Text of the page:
other than the typical diatom-associated bacteria [34] appears to have been facilitated (Fig 3).
Specifically the phyla Betaproteobacteria (Oxalobacteraceae, Comamonadaceae, Neisseriaceae,
Nitrosomonadaceae), Firmicutes (Streptococcaceae, Lactobacillaceae, Clostridales incertae sedis
XI), and the candidate division TM7 demonstrated a more than 30% increase in their sequence
abundances in HBM compared to LBM sediment (S4 Table). Bacteroidetes and Gammaproteobacteria, the two phyla that are already known to contain taxa able to assimilate diatom-derived EPS [27] as well as to thrive in the presence of PUAs [78], were dominant in both
sediment types (if unclassified phyla are ignored), but specific known diatom-associated bacterial genera [34] within both phyla (Pseudoalteromonas, Maribacter and Winogradskyella) were
only represented by few sequences (<40 sequences) in HBM samples. The only exception was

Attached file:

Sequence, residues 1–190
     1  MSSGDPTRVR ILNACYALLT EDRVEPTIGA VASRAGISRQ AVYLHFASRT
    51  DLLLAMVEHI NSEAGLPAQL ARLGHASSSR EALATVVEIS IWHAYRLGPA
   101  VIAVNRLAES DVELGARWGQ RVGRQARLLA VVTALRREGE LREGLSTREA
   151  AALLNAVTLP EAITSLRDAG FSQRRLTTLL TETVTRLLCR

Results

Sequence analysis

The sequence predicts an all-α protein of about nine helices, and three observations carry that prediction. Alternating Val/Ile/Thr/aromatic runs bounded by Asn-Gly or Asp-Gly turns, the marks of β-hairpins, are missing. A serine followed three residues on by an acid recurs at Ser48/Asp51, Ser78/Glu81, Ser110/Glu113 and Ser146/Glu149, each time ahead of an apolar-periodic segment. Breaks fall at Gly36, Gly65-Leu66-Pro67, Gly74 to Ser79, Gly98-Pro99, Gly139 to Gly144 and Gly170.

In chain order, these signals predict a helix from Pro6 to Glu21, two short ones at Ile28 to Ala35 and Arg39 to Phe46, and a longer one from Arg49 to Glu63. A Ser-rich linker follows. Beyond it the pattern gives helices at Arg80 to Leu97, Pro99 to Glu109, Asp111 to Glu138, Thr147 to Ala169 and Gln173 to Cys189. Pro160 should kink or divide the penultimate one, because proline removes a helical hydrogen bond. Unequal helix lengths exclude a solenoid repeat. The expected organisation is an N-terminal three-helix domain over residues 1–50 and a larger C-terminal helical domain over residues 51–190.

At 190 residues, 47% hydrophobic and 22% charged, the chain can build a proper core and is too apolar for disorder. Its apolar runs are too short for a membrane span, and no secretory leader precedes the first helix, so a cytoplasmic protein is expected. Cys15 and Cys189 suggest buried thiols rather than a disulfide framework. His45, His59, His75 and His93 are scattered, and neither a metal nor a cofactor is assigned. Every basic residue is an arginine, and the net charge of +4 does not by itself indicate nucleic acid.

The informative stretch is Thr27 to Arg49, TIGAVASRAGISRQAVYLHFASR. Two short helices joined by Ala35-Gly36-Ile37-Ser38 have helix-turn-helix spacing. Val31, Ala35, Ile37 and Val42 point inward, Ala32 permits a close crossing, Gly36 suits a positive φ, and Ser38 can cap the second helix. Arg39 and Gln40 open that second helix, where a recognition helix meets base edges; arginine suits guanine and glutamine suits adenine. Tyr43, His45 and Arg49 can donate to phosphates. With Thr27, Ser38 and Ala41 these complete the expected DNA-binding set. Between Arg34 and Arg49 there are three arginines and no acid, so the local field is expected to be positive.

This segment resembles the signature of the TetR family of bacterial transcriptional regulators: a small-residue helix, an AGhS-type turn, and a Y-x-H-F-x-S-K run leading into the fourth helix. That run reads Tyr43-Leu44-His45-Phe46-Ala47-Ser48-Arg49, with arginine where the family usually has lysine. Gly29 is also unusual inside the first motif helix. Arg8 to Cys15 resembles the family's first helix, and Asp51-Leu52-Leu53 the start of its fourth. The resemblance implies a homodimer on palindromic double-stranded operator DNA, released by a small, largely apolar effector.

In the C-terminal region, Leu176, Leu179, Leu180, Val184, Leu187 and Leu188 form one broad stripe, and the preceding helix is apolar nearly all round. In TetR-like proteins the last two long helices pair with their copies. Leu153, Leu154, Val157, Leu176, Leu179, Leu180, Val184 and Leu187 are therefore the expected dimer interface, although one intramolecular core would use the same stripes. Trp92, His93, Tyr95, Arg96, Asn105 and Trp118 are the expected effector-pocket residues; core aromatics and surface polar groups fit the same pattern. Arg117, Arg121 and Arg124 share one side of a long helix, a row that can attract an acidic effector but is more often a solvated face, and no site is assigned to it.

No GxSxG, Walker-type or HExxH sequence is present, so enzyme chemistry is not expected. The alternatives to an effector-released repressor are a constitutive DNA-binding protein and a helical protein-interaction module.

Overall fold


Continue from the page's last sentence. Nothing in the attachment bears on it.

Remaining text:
Pseudomonas [34] well represented (appr. 5000 sequences) and with an increase of over 30% in
its relative abundance in HBM sediments. However, considering the relative increase in sequence abundance, Pseudomonas and the above mentioned taxa could not have been solely responsible for the observed tenfold increase in total bacterial abundance. To our surprise,
despite all these pronounced differences between both sample types, the Bray-Curtis index for
community structure remained unaltered due to the dominant influence of relative abundances
of abundant OTUs.